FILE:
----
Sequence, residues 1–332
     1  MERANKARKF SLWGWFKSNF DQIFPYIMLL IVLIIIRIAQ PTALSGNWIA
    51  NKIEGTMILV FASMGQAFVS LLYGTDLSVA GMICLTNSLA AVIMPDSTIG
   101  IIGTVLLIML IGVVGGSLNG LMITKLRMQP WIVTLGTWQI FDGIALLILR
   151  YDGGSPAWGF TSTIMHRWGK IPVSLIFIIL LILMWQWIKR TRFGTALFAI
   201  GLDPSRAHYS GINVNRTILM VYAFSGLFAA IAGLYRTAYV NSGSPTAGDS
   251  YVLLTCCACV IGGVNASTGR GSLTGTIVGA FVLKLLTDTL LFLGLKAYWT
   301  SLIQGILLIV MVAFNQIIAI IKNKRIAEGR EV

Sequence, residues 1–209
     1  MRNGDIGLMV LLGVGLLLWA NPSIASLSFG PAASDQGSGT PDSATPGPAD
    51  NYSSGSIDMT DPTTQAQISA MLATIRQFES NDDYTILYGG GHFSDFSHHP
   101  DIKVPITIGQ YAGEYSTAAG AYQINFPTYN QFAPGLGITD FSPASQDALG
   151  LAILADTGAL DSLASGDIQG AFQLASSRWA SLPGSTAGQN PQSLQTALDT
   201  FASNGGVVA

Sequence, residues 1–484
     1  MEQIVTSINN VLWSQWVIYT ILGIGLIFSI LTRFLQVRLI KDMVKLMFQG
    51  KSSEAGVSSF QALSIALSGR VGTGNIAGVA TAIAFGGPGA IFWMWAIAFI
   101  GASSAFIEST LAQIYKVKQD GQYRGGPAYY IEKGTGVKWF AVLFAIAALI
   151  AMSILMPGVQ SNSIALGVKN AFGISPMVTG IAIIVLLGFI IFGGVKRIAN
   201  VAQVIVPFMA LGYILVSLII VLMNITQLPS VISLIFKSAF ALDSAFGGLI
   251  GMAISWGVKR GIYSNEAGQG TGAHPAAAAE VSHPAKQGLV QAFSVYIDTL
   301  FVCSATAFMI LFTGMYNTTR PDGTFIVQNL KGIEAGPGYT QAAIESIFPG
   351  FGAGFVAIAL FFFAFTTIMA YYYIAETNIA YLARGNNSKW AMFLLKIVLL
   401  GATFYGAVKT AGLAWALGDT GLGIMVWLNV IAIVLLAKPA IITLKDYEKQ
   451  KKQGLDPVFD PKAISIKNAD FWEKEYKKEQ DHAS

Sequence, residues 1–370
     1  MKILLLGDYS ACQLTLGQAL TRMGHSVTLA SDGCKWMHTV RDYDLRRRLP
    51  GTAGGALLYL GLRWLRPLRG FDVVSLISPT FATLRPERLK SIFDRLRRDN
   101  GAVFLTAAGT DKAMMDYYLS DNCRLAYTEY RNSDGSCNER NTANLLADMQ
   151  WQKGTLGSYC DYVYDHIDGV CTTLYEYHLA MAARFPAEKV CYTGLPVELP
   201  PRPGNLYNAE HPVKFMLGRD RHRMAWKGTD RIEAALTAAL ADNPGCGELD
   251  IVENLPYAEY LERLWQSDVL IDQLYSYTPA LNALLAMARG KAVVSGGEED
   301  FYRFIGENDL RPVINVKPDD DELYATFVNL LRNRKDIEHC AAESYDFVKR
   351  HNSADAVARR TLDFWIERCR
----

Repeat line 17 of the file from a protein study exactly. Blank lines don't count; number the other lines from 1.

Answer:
    51  KSSEAGVSSF QALSIALSGR VGTGNIAGVA TAIAFGGPGA IFWMWAIAFI